Heitkamp said she wants the PHMSA study to be thorough, but hopes to see results within weeks.

“We need to move forward on regulation,” she said.

Mobile clinics planned by Sanford currently illegal in Williston

WILLISTON, N.D. – Sanford Health plans to bring two multimillion-dollar mobile clinics to the Bakken to meet health care needs, but right now they would not be legal in Williston.

The Williston City Commission has a moratorium on any new mobile businesses until city leaders can establish planning and zoning guidelines for them.

The city implemented a six-month moratorium last fall and recently extended it through September while the issue is studied by a committee, said Nick Vasuthawawat, code compliance officer for Williston.

That moratorium would apply to a new Sanford initiative announced last week that aims to bring health care services to oil industry workers in western North Dakota and eastern Montana. The effort, called O.P.C. mobileMed, will include two clinics on wheels that will cater to oil companies and their subsidiaries.

“Under the current moratorium, they wouldn’t be (permitted) because they weren’t officially recognized as a pre-existing mobile operation,” Vasuthawawat said.

But the City Commission could lift that moratorium any time, said Commissioner Tate Cymbaluk, who is on the committee studying the issue.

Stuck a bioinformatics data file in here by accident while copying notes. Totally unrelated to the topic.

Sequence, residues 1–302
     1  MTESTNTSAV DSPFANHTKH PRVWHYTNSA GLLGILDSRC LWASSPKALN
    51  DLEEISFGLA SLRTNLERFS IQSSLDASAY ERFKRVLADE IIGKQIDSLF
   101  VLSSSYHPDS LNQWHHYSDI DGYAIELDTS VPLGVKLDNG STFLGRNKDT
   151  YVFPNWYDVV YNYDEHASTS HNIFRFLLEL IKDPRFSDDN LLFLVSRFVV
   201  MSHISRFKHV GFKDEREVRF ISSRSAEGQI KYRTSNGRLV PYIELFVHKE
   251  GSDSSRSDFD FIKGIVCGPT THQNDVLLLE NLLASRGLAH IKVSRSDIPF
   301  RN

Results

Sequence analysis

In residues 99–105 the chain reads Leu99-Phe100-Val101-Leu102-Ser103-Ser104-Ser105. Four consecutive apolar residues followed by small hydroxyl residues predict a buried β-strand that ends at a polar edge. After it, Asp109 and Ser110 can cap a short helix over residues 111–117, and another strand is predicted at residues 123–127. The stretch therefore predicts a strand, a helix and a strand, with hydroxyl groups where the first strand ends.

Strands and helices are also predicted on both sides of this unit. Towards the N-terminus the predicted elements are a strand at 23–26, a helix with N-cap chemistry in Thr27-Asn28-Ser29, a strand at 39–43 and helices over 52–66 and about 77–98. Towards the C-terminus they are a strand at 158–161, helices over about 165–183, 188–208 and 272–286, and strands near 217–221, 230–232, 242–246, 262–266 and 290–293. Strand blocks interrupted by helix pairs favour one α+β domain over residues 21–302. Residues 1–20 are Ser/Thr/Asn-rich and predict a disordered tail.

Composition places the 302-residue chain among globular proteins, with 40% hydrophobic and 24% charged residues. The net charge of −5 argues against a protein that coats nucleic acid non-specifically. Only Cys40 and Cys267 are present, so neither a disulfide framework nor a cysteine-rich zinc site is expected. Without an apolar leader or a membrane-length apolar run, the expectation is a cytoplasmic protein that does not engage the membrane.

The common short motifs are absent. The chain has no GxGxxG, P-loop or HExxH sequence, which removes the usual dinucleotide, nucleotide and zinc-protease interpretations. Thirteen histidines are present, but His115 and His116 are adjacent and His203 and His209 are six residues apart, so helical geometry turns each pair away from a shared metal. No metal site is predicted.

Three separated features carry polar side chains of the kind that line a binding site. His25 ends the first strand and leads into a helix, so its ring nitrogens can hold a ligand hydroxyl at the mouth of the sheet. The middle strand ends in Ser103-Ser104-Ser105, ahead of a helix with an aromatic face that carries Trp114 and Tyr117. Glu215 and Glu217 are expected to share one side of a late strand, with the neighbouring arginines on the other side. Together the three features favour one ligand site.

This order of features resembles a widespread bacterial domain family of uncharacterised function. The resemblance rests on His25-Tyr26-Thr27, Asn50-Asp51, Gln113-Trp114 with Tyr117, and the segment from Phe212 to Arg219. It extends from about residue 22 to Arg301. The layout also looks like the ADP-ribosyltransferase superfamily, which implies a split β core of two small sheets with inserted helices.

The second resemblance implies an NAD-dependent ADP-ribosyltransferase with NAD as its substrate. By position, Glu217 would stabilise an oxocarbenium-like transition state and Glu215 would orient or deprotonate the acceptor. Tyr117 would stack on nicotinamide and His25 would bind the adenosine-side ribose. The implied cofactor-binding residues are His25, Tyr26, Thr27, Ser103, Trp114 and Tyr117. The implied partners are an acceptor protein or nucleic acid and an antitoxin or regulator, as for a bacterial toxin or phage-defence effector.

“Those aren’t the people we’re after,” Cymbaluk said of Sanford. “It’s the guy selling blankets taking up the corner. Those are the ones that need some serious parameters put around them.”

Williston has seen an increase in mobile businesses wanting to operate in the city, such as mobile coffee vendors or mobile tool shops, Cymbaluk said. City leaders are discussing guidelines to govern mobile businesses and potential fees to support city services and even the playing field with “brick and mortar” business owners, he said.

Cymbaluk said he hopes the committee can meet and develop the guidelines soon so the moratorium could be lifted earlier than September.

Sanford’s new initiative will launch in Watford City, likely in June, with future locations determined based on oil companies that request the services, said Stephanie Murdock, Sanford’s enterprise vice president of corporate occupational medicine services.

A request has not been made for a mobile unit to go to Williston, Murdock said. If that happens, Sanford will work with city leaders, she said.

The project, which also involves a modular clinic in Watford City, is costing Sanford an initial investment of $2.7 million along with $4.8 million in annual operating expenses.

The mobile clinics will provide work- and non-work-related health care services, such as employment physicals and care for sore throats, coughs and other illnesses. Sanford also will do lab work and X-rays, and provide access to telemedicine, emergency transportation or referrals for advanced injuries.

Williston has a mobile veterinary clinic that is exempted from the moratorium because it operated before leaders began discussing a new ordinance. A mobile chiropractic clinic also was exempted, but the owner left town last fall, citing frustrations with the city. The city previously established a ban on food trucks.

Public Service Commission to review proposed gas plant expansion

BISMARCK – The North Dakota Public Service Commission will hold a public hearing April 10 regarding a proposed expansion of a natural gas plant near New Town.

Whiting Oil and Gas Corp. proposes expanding its Robinson Lake Gas Plant, about eight miles northeast of New Town, to meet the growing demand for natural gas processing in the region. The plant, constructed in 2007, has been modified and redesigned to process gas produced by Whiting and other companies in the region.